Drop in earnings forecast for Gold Fields

By Dineo Faku Time of article published Aug 5, 2019

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Gold Fields expects its earnings to decrease 15 percent in the six months to June, despite higher metal production after including Ghana’s Asanko Gold Mine in its numbers during the period under review.

JSE-listed Gold Fields, which operates the South Deep mine in Carletonville that has suffered operational difficulties, said on Friday that headline earnings per share for the period under review were expected to be up to 15 percent lower compared to the previous period last year.

It said basic earnings per share for the six months would jump by 122 percent following the basic loss of US45 cents per share reported for the comparative period last year.

Gold Fields said it would have reported a 9 percent year-on-year increase in equivalent gold production to 1083 ounces mainly due to output from Asanko Gold, acquired last year.

Gold Fields benefited from Asanko’s record gold production and record gold sales in the second quarter.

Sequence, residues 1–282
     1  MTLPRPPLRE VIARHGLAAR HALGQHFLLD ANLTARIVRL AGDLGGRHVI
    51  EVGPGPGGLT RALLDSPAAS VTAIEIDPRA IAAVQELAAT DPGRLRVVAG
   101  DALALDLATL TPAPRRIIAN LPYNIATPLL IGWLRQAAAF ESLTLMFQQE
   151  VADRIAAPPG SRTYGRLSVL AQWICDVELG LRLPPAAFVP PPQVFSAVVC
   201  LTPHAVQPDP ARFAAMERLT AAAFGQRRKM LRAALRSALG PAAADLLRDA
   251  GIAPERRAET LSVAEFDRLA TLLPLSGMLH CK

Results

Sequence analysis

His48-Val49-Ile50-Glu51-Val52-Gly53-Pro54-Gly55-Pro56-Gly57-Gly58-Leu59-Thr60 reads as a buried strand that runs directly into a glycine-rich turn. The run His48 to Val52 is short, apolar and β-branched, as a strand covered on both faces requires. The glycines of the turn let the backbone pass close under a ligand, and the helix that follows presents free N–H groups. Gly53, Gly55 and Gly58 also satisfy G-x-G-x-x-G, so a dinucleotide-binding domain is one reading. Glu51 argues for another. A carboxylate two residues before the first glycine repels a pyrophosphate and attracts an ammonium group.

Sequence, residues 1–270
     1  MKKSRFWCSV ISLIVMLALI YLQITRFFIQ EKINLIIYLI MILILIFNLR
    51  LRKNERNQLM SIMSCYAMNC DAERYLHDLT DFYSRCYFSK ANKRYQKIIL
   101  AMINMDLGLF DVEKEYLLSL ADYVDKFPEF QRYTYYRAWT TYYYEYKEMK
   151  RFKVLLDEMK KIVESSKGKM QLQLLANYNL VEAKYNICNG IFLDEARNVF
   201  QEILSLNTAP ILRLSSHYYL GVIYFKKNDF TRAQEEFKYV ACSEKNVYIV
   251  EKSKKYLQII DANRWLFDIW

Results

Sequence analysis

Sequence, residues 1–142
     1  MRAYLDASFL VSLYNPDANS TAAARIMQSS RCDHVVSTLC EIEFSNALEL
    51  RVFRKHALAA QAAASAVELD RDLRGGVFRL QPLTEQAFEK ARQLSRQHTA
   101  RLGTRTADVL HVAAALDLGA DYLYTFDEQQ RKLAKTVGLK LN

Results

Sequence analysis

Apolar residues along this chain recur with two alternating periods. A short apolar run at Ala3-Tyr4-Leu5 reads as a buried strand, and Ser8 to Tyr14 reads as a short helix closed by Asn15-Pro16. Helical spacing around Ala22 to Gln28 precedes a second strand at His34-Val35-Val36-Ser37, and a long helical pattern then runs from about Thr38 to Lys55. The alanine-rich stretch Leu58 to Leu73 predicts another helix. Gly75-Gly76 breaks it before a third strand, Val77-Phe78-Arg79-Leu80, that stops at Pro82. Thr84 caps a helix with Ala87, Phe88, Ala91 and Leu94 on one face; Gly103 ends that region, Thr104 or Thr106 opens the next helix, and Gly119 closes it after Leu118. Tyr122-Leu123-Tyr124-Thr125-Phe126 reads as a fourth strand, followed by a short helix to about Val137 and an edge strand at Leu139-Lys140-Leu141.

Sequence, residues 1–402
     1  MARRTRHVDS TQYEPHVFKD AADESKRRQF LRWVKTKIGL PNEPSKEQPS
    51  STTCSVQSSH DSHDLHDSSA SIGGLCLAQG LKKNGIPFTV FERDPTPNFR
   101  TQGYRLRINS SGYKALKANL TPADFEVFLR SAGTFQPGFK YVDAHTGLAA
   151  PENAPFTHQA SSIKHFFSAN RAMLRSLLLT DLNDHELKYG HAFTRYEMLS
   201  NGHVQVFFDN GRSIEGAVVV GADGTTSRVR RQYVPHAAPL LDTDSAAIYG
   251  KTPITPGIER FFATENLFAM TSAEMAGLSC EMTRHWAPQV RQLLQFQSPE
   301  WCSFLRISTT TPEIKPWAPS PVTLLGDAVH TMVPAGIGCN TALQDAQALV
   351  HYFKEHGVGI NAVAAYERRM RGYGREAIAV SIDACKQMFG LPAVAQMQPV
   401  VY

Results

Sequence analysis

Asanko chief executive Greg McCunn said the second quarter had been the best performance for the Asanko gold mine to date, with record production, record sales and record gold proceeds, which enabled the mine to generate earnings before interest, tax, depreciation and amortisation of $35.2 million (R520.49m) and net income after tax of $13.6n, up from a loss of $14.1m in the first quarter this year.

“We are well-positioned to meet 2019 production and cost guidance as we enter the second half of the year and focus on maximising cash flow from operations,” said McCunn.

Gold Fields bought a 50percent stake in Asanko Gold Ghana’s 90 percent interest in the Asanko Gold Mine last year whose assets comprises two main deposits, Nkran and Esaase, and is estimated to have an average annual production of 253000 ounces of gold for the period between 2019 and 2023.

Gold Fields has surged 50 percent on the JSE to date thanks to the strong gold price, which rallied in June, breaking through $1400 an ounce for the first time since 2013 driven by expectations of lower interest rates, political uncertainty with support from strong central bank buying.

Alistair Hewitt, the head of Market Intelligence at the World Gold Council, said June was a big month for gold.

“The price broke out of a multi-year trading range to hit a six-and-a-half-year high and gold-backed ETF assets-under-management grew by 15 percent - the largest monthly increase since 2012. While the Fed’s dovish turn was a key driver for this, it also builds on a strong first half which saw gold demand hit a three-year high, underpinned by extremely strong central bank buying,” said Hewitt.

Gold Fields said costs were 5 percent lower year-on-year as project capital started to decrease. The company is scheduled to release its financial results for the period on August 15.


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